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In Guatemala, partnering for a better tomorrow

A new partnership brings big potential to 100 small-scale palm farms 

April 15, 2019

Photo Above: Producers and partners on the ground in Guatemala working toward certification of their products.

Residents in the Ixcán and Quiche regions of Guatemala depend on agriculture to secure better livelihoods for their families. In the past, many of these farmers tried to make a living raising cattle, but they turned to palm oil to diversify their crops and increase their incomes.

Now, through a new program by Cargill, palm oil producer Palmas del Ixcán and civil society organization Solidaridad, more than 100 small-scale farmers in the region have the right tools and information to prosper while producing a sustainable supply of palm oil.

Hugo Walter Cruz is one of these farmers. Growing up, he was the oldest of seven brothers and sisters. Like many others, he was forced from his home due to internal conflicts in the country, but he returned to the town of Chisec where he now lives with his family. He started his oil palm farm eight years ago, and life has been steadily improving since. He’s more financially stable and better able to provide for his family.

“I can give my family the opportunities they deserve,” he said. “Two of my children have graduated from college and my youngest is working on the farm alongside me so that he can one day take over.”

Raising prosperity from the ground up

The new partnership among Cargill, Palmas del Ixcán and Solidaridad will work with smallholder farmers like Hugo to help them achieve certification from the Round Table for Sustainable Palm Oil (RSPO) and create an RSPO-segregated supply chain along the way. The project will also encompass improvements to infrastructure, training in good practices for productivity, and incorporation of environmental and social practices, including a new mobile app for the farmers to help them track progress in developing best practices. Plus, it will provide know-how to the farmers on financial management and entrepreneurship.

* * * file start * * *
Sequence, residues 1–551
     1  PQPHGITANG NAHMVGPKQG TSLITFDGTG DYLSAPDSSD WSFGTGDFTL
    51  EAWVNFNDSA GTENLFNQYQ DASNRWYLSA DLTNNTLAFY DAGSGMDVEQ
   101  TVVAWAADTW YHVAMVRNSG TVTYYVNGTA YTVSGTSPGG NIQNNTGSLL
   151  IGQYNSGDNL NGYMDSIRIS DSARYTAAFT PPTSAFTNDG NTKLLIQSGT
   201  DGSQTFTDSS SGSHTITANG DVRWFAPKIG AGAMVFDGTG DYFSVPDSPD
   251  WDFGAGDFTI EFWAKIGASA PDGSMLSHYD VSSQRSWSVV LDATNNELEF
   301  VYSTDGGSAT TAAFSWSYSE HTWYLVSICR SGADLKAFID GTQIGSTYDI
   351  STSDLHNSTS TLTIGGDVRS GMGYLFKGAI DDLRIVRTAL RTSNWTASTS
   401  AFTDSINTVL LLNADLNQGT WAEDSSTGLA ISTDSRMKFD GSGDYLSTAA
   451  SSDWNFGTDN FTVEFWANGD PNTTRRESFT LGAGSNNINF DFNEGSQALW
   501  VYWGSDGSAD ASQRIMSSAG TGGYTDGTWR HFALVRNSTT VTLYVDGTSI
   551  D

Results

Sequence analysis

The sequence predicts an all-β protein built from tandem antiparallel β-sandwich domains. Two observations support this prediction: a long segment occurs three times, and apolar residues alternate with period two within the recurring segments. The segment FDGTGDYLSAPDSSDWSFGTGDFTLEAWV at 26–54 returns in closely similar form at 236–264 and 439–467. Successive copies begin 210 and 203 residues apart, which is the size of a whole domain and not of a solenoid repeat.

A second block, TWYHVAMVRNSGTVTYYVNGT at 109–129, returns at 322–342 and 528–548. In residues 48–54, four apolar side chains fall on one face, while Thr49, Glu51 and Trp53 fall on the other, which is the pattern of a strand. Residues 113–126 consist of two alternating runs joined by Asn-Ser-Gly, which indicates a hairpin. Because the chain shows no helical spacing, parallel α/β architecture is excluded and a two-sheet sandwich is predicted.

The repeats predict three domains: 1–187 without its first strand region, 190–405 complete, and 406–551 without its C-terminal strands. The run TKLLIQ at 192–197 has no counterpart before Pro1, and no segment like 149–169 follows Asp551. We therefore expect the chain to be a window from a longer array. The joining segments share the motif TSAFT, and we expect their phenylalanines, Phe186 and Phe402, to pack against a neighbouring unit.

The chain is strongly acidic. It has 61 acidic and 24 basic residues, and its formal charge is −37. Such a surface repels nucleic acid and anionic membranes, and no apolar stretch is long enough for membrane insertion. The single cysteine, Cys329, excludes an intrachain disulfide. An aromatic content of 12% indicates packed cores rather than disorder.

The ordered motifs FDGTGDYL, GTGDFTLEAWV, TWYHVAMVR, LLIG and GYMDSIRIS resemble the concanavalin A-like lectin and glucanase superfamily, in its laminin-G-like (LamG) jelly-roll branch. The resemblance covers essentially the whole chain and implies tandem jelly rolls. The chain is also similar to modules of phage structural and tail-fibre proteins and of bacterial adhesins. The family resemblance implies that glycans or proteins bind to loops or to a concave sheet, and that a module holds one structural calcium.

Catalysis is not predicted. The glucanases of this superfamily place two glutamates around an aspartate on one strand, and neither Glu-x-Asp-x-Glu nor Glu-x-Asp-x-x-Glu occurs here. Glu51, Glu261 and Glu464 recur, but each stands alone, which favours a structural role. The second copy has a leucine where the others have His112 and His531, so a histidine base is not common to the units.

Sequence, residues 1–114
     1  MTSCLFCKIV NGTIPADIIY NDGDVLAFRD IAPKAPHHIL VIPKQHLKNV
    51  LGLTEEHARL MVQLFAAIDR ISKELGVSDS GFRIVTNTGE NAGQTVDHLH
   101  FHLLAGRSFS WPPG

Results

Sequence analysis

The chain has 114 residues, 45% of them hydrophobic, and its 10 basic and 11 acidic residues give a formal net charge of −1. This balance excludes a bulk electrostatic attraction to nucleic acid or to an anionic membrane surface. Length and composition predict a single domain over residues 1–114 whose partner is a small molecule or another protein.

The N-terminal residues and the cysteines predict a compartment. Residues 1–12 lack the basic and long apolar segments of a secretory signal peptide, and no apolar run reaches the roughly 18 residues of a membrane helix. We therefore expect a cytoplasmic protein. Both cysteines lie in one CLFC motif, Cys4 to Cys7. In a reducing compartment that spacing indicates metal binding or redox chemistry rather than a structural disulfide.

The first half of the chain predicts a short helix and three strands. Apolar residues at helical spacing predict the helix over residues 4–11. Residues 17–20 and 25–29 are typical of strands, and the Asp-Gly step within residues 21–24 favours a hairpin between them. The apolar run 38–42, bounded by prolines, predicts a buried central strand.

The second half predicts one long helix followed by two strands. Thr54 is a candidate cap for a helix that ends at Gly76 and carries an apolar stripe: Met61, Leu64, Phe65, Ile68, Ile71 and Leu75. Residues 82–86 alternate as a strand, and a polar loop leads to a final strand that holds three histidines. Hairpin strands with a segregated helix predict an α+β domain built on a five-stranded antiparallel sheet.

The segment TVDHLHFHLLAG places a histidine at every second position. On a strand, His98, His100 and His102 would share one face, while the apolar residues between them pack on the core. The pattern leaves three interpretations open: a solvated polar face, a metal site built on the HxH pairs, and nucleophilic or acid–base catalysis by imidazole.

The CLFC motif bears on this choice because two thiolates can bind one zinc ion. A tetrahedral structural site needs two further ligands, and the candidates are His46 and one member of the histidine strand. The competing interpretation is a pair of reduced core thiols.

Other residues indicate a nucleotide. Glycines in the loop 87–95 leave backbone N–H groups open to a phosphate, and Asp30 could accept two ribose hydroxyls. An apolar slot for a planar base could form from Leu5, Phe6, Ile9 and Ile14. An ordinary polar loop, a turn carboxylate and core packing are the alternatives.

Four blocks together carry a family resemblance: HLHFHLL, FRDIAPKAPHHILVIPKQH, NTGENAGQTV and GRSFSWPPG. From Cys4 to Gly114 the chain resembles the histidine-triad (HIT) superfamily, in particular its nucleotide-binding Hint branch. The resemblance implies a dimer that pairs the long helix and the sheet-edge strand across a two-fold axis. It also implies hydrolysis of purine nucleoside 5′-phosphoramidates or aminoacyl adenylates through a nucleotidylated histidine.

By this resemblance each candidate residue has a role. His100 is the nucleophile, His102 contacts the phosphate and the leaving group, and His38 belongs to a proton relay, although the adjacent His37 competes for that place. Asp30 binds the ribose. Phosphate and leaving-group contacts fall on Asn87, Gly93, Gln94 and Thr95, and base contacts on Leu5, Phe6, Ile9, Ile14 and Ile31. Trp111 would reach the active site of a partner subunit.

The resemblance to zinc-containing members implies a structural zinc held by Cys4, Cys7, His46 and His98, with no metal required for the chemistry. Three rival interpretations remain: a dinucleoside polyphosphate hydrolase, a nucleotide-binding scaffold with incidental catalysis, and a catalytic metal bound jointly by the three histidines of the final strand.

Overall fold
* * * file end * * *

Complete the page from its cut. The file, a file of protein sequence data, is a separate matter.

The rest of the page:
“We’re committed to helping palm farmers increase production in the most sustainable and socially responsible manner,” said Manuel Carranque, a senior trading manager for Cargill. “In addition to the economic benefits, farmers will have access to tools and knowledge, which we hope has long-term implications.”

Through this new alliance, farmers like Hugo will have the opportunity to continue improving their prosperity while also serving as a model for the entire region. From the ground up, the project will show how sustainable palm oil can be good for the planet and also help build resilience in communities like Hugo’s.


Progress toward sustainable palm

Palm oil plays a critical role in the livelihoods of millions and is a key ingredient in many foods and cuisines. Demand for edible oils will continue to grow as the world population is predicted to surpass 10 billion by 2050. Palm oil is the most viable option to meet this demand. It is the highest yielding edible oil crop, using less land, energy, fertilizer and pesticides than other vegetable oils for every ton produced. Our Policy on Sustainable Palm Oil (Palm Policy) allows for agricultural development that is sustainable and meets growing demand.

View our recently updated Sustainable Palm Oil Policy to learn more about our commitment to producing and sourcing palm oil in a sustainable and socially responsible manner.